In fact, being able to see yourself improve is essential for maintaining motivation: , it’s because you see improvement that you gain self-confidence [1]. Motivation also reduces the perception of effort, and that makes learning easier. Stated otherwise, motivation helps us “endure” the effort that’s required to learn [2].

There’s even a name for this kind of learning, “deliberate practice”, and that’s a topic explored in a recent Simlog conference presentation.

About Losing and then Regaining Self-Confidence

Now it’s time for a story about losing, and then regaining the necessary self-confidence to successfully operate heavy equipment.

A forest industry sawmill had recently purchased new heavy equipment and with a unionized workforce, the senior person operating the old equipment was first in line.

But because that new machine featured much new functionality (including two joysticks replacing four levers), the operator, so proficient at the controls of the old equipment, was having lots of problems. And after repeatedly damaging the machine over the course of one month, the local dealer refused to make any additional repairs under warranty, and that brought a halt to everything.

That’s when Simlog entered the picture.

At first, the simulator was used to evaluate the operator’s “aptitude” along with eight other, more junior, employees who were selected as possible alternatives. And much to everyone’s surprise, the operator ranked favorably, as measured by the simulator’s comprehensive Performance Indicators.

After that, the operator and the three other employees with top scores received simulator-based training. Once again, when that ended, the operator ranked favorably, as measured by the simulator’s comprehensive Performance Indicators.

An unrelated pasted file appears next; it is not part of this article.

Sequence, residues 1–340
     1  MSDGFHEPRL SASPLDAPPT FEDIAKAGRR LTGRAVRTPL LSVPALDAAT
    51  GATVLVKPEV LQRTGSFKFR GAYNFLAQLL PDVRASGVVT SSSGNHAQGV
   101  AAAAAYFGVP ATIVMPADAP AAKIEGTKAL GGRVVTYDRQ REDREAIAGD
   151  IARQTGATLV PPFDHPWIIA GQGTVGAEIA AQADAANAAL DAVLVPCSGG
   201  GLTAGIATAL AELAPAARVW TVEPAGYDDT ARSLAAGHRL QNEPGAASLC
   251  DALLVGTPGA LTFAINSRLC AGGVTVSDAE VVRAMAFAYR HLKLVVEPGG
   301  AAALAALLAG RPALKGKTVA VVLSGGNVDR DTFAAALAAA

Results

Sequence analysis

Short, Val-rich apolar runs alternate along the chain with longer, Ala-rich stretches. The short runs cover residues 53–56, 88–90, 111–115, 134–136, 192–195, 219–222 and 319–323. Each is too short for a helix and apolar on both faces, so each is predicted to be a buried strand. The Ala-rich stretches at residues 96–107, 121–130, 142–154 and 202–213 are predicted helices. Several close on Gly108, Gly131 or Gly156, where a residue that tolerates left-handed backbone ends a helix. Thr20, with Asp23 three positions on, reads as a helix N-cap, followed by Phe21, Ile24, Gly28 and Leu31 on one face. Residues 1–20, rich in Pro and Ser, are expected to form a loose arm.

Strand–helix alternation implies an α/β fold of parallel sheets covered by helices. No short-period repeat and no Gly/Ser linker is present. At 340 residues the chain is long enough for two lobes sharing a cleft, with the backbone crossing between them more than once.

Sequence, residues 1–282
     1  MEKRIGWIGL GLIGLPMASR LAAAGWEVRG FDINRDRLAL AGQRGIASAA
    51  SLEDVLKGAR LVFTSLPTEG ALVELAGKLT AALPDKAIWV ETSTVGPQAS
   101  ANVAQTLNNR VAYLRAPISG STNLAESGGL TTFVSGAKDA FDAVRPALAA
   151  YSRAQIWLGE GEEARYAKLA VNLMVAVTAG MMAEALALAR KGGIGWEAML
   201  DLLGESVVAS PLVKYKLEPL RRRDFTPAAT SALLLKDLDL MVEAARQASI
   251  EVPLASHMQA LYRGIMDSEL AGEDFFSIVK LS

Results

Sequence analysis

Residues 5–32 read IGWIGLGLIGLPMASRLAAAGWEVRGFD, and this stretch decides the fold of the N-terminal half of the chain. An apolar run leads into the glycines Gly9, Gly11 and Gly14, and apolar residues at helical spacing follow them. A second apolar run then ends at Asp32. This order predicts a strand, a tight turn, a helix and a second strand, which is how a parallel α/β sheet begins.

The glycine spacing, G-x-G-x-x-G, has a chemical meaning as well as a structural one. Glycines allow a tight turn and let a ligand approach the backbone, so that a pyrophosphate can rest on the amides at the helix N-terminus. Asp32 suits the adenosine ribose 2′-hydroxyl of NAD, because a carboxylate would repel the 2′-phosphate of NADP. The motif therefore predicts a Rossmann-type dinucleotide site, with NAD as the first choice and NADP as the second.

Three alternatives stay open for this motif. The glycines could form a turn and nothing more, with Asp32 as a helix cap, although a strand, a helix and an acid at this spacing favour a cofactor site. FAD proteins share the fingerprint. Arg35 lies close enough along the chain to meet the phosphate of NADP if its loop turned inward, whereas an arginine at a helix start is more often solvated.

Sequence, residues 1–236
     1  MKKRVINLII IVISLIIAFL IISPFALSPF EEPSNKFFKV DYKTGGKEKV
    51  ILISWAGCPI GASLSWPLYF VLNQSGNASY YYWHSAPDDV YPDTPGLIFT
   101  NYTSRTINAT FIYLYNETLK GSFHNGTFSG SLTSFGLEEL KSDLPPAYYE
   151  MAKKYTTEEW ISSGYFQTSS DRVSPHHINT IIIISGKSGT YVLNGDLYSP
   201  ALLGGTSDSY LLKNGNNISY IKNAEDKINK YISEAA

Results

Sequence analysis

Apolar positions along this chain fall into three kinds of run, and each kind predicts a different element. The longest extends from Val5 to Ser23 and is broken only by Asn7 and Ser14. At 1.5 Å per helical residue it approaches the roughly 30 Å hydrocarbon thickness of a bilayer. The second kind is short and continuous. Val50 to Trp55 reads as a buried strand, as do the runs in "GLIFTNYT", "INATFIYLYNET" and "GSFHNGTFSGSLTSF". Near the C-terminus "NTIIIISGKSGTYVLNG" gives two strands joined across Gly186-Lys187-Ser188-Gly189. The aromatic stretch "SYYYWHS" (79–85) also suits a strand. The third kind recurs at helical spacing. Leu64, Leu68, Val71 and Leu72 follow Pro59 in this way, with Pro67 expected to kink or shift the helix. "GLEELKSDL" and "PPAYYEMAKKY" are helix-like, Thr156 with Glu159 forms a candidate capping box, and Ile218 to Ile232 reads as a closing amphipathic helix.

The final result? The operator returned to the new equipment and the improvement to his previous performance was dramatic. Today, everyone is smiling: the operator, the Mill Manager, and the local dealer.

And when I talked with the Mill Manager, he told me that it all came down to self-confidence or rather, to a lack of self-confidence: that with so much “new-ness” going from the old equipment to the new, and with so much financial pressure to make that new machine work well right from the get-go, the poor operator was feeling overwhelmed.

After each mistake, he lost more self-confidence, and then made even more mistakes. That’s the downwards spiral that the training simulator helped stop and turn around.

Concluding Remarks

The fact is, you can only be skilled when you’re confident. And that’s why gaining self-confidence is key to developing skills.

And whether you need to gain self-confidence, or re-gain self-confidence, the right kind of training simulation is the best way to proceed, especially at the start.

[1] S. Magness, Do Hard Things, Harper Collins, 2022.

[2] B. Stulberg, S. Magness. Peak Performance, Rodale Publishing, 2017.